It was like any other day. Joey DeRoche was a 10-year-old 5th grade student preparing for the day. Sitting on his grandma’s couch eating cereal, the news had appeared on the TV in front of him. He sat still, trying to put together the pieces.
“I was really confused because I didn’t really understand and the news didn’t either,” DeRoche said. “How were they that stupid that they hit a building? I just didn’t understand.”
The events of Sept. 11, 2001 to those who are in college now cannot be attributed as living a memory. It was a shocking tragedy that at the time the young struggled to grasp. For those at UW-Milwaukee, the anniversary of the attacks on our country means something different now than the day it happened.
Inside elementary school, there was also confusion.
“It was all anyone was talking about,” DeRoche said, a senior architecture student at UWM.
It was the responsibility of the teachers at Green Bay East elementary to explain to their students what this was and what it meant in the best way they could if at all.
“The teacher was talking about the possibilities,” said DeRoche. “Teachers didn’t really talk a whole lot about it and what might have happened. They did their best to explain it but I was in 5th grade. We didn’t’ have TVs in school so we didn’t get to watch it. Teachers were sensitive especially if they knew someone in the towers.”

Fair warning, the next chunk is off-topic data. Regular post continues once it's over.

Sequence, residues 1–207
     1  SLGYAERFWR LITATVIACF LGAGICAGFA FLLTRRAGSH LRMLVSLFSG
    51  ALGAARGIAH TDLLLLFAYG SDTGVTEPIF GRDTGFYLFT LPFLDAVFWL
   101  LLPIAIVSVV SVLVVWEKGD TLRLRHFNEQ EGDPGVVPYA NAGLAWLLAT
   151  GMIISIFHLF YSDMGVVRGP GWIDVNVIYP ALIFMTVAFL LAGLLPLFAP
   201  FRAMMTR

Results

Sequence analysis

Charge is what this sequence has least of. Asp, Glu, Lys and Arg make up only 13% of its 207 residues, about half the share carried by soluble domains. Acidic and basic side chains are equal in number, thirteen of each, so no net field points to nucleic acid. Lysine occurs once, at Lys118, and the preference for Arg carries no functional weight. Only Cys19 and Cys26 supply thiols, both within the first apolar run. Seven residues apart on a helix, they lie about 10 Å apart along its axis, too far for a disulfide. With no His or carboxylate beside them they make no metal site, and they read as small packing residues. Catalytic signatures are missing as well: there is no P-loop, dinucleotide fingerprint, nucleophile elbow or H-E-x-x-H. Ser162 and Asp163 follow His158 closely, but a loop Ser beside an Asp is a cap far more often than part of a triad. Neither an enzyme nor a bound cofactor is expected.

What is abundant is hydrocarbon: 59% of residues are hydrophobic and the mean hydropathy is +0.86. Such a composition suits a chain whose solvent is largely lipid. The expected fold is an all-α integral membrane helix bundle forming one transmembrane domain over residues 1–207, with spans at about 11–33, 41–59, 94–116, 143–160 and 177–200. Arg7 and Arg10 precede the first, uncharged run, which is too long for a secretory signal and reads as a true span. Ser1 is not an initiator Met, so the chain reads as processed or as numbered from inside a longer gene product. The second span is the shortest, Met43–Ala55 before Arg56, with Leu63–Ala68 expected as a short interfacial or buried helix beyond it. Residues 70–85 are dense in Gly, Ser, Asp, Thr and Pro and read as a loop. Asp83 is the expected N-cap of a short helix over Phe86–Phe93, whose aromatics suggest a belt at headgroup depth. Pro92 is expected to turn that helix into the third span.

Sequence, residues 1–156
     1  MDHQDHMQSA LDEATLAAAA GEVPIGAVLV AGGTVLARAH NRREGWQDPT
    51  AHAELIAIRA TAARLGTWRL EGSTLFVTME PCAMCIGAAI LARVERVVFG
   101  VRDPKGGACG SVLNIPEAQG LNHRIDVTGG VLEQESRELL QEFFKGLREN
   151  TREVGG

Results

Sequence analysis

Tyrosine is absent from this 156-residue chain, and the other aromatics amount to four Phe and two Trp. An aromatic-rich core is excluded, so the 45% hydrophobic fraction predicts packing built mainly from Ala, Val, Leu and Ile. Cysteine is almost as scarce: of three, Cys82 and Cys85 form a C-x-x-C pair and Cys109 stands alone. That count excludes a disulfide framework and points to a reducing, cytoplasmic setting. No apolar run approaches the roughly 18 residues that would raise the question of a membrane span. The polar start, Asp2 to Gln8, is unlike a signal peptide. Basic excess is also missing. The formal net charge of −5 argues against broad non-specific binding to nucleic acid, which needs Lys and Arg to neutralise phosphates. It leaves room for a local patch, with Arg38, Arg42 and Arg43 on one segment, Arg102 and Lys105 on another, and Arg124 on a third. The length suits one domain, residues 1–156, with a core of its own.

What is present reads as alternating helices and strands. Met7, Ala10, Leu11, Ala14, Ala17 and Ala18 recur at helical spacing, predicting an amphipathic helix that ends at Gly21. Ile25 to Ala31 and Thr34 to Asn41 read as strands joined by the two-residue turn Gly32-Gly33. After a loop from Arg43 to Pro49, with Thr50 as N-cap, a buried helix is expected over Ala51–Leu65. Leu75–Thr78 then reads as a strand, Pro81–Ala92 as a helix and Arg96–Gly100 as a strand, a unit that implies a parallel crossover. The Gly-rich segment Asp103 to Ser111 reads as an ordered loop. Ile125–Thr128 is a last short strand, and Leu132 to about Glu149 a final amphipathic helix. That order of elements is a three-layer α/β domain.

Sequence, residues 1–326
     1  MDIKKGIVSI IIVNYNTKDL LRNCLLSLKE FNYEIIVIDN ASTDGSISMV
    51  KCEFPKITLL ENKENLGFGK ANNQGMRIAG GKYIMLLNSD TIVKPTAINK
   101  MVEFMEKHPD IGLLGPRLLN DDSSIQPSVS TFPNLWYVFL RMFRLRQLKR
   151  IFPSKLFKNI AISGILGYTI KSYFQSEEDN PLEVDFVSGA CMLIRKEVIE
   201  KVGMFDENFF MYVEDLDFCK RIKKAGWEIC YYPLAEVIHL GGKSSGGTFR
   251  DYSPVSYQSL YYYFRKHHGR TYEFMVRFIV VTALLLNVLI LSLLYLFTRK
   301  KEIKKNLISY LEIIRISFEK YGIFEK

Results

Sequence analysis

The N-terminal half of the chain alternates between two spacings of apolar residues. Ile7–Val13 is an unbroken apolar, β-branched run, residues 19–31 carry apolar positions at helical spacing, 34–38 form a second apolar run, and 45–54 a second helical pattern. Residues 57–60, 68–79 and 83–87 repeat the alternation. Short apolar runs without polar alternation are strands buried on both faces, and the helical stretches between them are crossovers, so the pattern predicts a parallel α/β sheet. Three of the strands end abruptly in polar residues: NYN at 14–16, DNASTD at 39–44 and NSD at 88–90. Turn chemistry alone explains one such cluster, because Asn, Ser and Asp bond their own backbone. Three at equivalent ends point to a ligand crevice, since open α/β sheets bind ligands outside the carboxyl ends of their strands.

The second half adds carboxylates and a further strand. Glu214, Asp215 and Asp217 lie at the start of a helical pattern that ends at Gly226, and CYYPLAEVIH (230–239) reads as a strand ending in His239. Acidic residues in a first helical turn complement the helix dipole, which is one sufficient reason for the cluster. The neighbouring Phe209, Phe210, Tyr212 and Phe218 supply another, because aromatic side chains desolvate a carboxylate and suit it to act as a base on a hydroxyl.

Dan LeTendere, alumni of UWM, was in high school at Greenfield during the time of the attack.
“I was actually walking through the halls when I heard about the first tower,” said LeTendere. “Then in gym class they put it on the TV.”
Both DeRoche and LeTendere were questioning what had just happened.
“It was shocking,” said LeTendere. “Everyone was confused. We had no idea what was going on.”
Despite the commotion of the September 11th attack, Joey DeRoche said the students and teachers carried on as normal and were updated throughout the day.
In the confusion of the day’s events, he strolled home after school and turned on the news immediately. The news was speculating about who was responsible for the attack, but he doesn’t remember all the specifics.
“I do remember I was scared once I understood it was an attack on our country” DeRoche said. “I remember thinking what if they attacked Green Bay.”
He slept in his mom’s bed that night.
LeTendere didn’t really understand the attack either.
“It took me a while to realize it was an attack,” said LeTendere. “At first I thought it was an accident.”
Shortly following the end of school, he went to a friend Marco’s house to hang out. He and his friend were talking about it. Marco had mentioned that there hadn’t been any school shootings lately.
“We were just talking about huge disasters and that subject came up,” said LeTendere.
LeTendere says today’s world is different because of Sept. 11th.
“I think it changed a lot of things, some for the better,” said LeTendere. “Security is better in our country but we are sacrificing some of our freedoms. Privacy is becoming extinct.”
DeRoche says it has impacted how he looks at current events nationally and internationally.
“Now I have a more global perspective,” he said. “I’m quick to pay attention to what’s going on especially with international news.”